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Guelph Fire Department responded to almost a dozen illegal burn calls on Saturday alone

Going on scene for illegal burn complaints can mean firefighters are momentarily tied up in the case of an emergency
20160201 Guelph Fire Department Fire Truck Ladder KA
Kenneth Armstrong/GuelphToday file photo

The Guelph Fire Department responded to 11 calls for illegal burns on Saturday, nine of them within a two-and-a-half hour span.

Fire chief Dave Elloway said it is important for everyone in the city to follow the bylaw against outdoor recreational fires, especially as the weather heats up and conditions become more dry.

“By no means is it there to extinguish anyone’s fun, it’s there to make sure we have the safe guidance,” said Elloway.

The City of Guelph prohibits the use of fireplaces, fire pits and chimineas within city limits, with possible fines up t $50,000 and/or up to one year in jail.

Most illegal burn complaints come from people calling in about their neighbours, said Elloway.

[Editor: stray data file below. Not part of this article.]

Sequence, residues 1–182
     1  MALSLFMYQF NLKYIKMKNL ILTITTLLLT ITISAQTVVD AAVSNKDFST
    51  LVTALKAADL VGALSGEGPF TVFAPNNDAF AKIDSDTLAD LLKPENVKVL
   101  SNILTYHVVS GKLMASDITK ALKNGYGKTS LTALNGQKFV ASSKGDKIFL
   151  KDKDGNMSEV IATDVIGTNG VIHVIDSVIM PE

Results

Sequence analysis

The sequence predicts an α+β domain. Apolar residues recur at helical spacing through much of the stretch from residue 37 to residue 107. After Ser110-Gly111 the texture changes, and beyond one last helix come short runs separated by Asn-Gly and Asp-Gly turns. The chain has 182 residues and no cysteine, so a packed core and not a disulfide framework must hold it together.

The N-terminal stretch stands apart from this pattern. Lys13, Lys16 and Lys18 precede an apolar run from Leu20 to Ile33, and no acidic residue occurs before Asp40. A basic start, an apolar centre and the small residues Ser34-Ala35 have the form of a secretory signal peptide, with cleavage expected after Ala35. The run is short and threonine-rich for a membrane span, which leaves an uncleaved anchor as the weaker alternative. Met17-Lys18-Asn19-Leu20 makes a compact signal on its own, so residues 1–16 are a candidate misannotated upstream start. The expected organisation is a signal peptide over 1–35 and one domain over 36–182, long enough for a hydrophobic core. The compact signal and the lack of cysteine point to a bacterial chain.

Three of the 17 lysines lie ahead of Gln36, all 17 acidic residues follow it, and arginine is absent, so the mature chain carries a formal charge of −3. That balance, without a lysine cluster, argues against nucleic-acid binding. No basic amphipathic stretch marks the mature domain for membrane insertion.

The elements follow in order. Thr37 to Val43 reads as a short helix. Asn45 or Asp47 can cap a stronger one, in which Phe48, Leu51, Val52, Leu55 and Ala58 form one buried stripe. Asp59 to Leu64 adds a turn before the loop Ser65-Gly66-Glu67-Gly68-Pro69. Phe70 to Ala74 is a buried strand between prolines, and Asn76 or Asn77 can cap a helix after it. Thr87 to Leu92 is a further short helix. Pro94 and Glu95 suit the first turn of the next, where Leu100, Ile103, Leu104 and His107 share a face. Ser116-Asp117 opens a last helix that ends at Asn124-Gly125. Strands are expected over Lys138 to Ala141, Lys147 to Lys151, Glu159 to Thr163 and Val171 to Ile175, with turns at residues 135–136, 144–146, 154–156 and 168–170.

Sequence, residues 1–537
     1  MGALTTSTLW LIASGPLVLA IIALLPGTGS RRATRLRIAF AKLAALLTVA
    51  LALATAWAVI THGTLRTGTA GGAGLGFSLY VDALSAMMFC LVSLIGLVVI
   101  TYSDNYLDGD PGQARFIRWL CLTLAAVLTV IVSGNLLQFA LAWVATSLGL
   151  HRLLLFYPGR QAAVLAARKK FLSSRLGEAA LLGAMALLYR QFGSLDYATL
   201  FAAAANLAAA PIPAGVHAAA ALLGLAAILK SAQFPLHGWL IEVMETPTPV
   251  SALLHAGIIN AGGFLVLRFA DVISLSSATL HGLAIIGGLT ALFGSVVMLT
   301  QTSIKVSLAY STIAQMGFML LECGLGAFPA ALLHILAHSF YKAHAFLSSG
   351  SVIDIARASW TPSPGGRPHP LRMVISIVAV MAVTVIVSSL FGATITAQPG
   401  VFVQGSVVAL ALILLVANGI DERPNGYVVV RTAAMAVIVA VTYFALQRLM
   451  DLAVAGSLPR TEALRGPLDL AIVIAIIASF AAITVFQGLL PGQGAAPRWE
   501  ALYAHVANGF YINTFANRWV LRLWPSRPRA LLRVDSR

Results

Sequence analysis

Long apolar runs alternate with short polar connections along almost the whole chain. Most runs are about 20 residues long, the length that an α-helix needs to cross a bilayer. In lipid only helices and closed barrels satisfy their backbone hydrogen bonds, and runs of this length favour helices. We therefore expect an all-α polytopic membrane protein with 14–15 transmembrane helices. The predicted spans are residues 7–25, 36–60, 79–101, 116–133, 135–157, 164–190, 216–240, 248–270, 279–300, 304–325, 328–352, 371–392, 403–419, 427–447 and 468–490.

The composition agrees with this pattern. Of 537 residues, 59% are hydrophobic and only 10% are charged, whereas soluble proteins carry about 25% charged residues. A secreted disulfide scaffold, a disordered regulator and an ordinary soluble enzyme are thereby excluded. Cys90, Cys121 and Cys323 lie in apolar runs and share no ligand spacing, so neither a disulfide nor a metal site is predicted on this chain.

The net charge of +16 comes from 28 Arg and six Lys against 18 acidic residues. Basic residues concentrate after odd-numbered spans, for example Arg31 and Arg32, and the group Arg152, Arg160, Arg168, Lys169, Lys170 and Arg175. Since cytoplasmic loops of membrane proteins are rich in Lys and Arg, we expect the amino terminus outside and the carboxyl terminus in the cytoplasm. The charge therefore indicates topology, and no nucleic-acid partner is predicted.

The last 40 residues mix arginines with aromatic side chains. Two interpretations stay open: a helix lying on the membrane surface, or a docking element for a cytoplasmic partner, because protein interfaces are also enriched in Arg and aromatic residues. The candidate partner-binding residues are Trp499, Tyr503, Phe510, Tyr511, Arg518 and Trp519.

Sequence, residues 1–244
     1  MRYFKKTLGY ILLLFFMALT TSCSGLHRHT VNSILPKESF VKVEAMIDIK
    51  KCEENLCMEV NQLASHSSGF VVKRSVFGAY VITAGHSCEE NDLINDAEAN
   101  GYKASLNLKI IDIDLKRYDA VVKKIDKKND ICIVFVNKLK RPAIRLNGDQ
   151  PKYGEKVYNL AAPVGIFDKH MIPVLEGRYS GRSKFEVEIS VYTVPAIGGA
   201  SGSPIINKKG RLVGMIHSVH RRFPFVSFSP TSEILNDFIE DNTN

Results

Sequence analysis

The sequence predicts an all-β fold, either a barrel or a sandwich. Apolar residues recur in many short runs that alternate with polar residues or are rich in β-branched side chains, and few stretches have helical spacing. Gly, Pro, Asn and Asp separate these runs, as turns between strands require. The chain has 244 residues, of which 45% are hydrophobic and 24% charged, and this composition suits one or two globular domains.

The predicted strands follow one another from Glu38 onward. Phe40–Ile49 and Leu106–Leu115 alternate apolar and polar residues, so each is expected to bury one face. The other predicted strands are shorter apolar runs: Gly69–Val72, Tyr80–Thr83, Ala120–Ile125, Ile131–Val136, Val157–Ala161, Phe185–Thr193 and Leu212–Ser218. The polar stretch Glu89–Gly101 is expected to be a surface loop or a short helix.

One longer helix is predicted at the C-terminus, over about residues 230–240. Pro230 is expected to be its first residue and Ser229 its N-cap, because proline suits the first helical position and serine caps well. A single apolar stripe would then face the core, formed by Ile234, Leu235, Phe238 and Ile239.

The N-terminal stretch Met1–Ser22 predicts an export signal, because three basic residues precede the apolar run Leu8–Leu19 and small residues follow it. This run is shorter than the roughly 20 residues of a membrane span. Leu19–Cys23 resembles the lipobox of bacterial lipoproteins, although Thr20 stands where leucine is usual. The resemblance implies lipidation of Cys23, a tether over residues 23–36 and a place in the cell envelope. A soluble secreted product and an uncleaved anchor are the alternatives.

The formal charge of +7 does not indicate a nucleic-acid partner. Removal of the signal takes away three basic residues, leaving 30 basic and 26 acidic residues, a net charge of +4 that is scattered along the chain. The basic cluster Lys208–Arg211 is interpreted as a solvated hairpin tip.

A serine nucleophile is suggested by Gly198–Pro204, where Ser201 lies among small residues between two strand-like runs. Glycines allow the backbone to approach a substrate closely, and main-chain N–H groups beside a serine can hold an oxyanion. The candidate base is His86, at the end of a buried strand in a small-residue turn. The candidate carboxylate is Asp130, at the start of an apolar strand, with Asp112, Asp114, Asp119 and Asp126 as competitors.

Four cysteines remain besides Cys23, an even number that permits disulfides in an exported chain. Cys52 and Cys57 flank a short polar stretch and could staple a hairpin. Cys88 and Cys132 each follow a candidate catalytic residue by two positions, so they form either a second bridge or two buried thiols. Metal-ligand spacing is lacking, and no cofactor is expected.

A few of the calls on Saturday ended up being classified as unfounded. In those cases the occupant may have been using a TSSA-approved gas appliance that simulate a campfire or fireplace, which he said is allowed under the Ontario Fire Code.

“That’s absolutely acceptable, but open burning runs risks in an urban environment as we get into the summer months here and things are only going to get more dry,” said Elloway. ”What we’re trying to do is to make sure that we are safe in the urban environment.”

Open air burning is allowed if a person is cooking food on a grill, barbecue or spit. Cooking does not include roasting marshmallows or hot dogs.

For the complaint calls that were deemed founded, Elloway said from the information he had, the occupants were given warning.

“Most of it was an education piece that was conducted with the occupants when they are found to be in contravention,” said Elloway.

Nine of the Saturday illegal burning complaint calls came between 8:12 and 10:36 p.m. and were located all across the city.

Education is important, but Elloway notes that firefighters going on scene for illegal burning complaints can mean they are momentarily tied up in the case of an emergency.

“Once you commit yourself to something, whether it’s founded or unfounded, at the end of the day it reduces your ability to respond to things that are urgent,” he said.

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Kenneth Armstrong

About the Author: Kenneth Armstrong

Kenneth Armstrong is a news reporter and photojournalist who regularly covers municipal government, business and politics and photographs events, sports and features.
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